Component choice for Moment-Rec
We talked about why I am making an acoustic time machine called Moment-Rec. Next, we defined all system, hardware and software requirements to cover the four main use cases for Moment-Rec. In this post we will have a look at the component choice for Moment-Rec.
First, let’s rehearse what Moment-Rec is and what its four main use cases are. Moment-Rec works like an acoustic time machine that will let you capture any sound you heard in the past 60s.
- Language learning – We can record and play back concise audio snippets with interesting vocabulary and sentence structures.
- Traveling – Ever had trouble understanding an announcement? No problem we can press the record button to record the past 60s audio and play it back to hear it again.
- Meetings – Writing meeting minutes sucks because it’s hard to remember key facts. We use Moment-Rec to capture concise audio snippets of 60s with the most important information during the meeting.
- Animal voices – We can capture an animal voice after we heard it by pressing the record button at anytime.
The first part of every hardware design is the component choice. A big part of evaluating parts is meeting the end price the product will cost while at the same time ensuring the product complies to all requirements. I will do a crowdfunding later this year to measure the general interest in the product. Another reason for doing crowdfunding as an indie product developer is to raise money for expensive certification like CE, FCC, etc. The maximum price that just the components can cost is between 10-20$. However, the price that we will offer it on crowdfunding will be 3-5 times higher to include all additional costs (taxes, packaging, storage, etc.). If you doubt the factor of 3-5 times then please watch this video by EEVblog. It’s awesome and explains why 3-5 times is actually not a rip off but the minimum you need to have a successful product.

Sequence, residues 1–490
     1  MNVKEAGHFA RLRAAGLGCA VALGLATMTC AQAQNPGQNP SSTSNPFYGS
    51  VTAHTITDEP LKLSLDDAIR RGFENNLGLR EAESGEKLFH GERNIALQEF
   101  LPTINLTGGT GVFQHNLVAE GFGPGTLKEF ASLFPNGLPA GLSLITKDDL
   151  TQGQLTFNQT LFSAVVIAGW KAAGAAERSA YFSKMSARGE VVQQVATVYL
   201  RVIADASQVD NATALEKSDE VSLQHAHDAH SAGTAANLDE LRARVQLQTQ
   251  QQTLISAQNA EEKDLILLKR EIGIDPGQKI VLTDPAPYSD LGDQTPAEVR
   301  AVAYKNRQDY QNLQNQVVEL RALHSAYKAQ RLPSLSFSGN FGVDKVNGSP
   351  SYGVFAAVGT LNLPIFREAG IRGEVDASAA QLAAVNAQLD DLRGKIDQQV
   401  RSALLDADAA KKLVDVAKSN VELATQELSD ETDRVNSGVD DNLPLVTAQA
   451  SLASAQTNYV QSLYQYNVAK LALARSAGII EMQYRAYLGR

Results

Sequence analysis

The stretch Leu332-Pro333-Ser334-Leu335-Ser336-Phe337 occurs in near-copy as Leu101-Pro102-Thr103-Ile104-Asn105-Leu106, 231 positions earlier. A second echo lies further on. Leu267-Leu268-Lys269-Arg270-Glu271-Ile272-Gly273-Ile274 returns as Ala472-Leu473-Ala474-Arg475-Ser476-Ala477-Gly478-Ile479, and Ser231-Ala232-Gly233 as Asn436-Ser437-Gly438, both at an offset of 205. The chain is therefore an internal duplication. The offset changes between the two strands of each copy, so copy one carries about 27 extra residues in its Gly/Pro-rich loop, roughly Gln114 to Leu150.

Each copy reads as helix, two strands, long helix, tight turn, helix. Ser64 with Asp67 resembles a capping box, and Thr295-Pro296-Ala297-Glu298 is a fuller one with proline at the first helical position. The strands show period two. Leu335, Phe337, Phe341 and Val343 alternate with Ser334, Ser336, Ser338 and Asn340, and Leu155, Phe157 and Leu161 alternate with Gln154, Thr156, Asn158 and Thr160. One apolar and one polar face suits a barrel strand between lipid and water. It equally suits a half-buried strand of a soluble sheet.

The components that will drive the cost up in the hardware design are: microcontroller, Bluetooth module and the battery. In the beginning I wanted to keep the microcontroller and BLE module separate. However, most BLE modules feature an ARM cortex m4 processor, which is a pretty powerful embedded processor. I figured that if I anyway have to pay for an ARM cortex m4, I should also use it as a main processing unit. In the following sections, I will explain why we made certain design decision in terms of component choice.
BLE module – u-blox – NINA-B112
My goal for Moment-Rec is to ultimately sell it worldwide. Therefore, we have to pass various certifications tests such as CE, FCC and many more. Electromagnetic compatibility is part of these tests and will usually have to be performed by external test laboratories. Performing EMC tests for a non-radiating device is expensive. However, getting a BLE device to pass without any pre-certification will usually drive the costs for these tests up by an order of magnitude. Therefore, the most important requirement for a BLE module is that it is pre-certified in the countries we plan to sell Moment-Rec. Other factors we have to consider include the price per unit, package size and development tools. I have to admit, I’ve never done much with BLE yet. Therefore, it was important to chose a module that comes with a solid manufacturer library and tutorial/example code.
I chose NINA-B112 from u-blox because it is a very good trade-off between price, world-wide certification and developer tools. It’s definitely not the cheapest, nor smallest module. However, it is pre-certified in FCC (America), IC (Canada), Japan, Taiwan, South Korea, Brazil, Australia, New Zealand and South Africa. Additionally, the module is also Bluetooth certified, which we need in order to add the name Bluetooth as a feature in the product description. At 6.42 Euros for a bulk order of at least 250 pieces the NINA-B112 is definitely one of the most expensive components in the design. However, there are not many other modules that provide the same features and ease of development at this price.